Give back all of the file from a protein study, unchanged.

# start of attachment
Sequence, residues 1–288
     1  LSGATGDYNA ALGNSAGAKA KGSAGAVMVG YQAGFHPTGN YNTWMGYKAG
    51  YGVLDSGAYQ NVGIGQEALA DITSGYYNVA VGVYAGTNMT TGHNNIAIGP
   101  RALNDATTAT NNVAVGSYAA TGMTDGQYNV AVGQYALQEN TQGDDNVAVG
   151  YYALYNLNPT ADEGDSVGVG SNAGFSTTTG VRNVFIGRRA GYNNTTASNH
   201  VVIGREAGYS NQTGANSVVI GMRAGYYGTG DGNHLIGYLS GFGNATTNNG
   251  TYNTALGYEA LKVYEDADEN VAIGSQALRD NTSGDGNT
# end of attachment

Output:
Sequence, residues 1–288
     1  LSGATGDYNA ALGNSAGAKA KGSAGAVMVG YQAGFHPTGN YNTWMGYKAG
    51  YGVLDSGAYQ NVGIGQEALA DITSGYYNVA VGVYAGTNMT TGHNNIAIGP
   101  RALNDATTAT NNVAVGSYAA TGMTDGQYNV AVGQYALQEN TQGDDNVAVG
   151  YYALYNLNPT ADEGDSVGVG SNAGFSTTTG VRNVFIGRRA GYNNTTASNH
   201  VVIGREAGYS NQTGANSVVI GMRAGYYGTG DGNHLIGYLS GFGNATTNNG
   251  TYNTALGYEA LKVYEDADEN VAIGSQALRD NTSGDGNT